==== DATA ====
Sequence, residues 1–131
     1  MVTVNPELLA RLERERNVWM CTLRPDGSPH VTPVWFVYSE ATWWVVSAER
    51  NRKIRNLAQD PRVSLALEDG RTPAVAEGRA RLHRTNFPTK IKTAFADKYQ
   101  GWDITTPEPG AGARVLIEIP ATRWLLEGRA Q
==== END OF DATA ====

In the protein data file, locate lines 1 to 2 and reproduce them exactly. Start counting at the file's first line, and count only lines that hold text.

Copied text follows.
Sequence, residues 1–131
     1  MVTVNPELLA RLERERNVWM CTLRPDGSPH VTPVWFVYSE ATWWVVSAER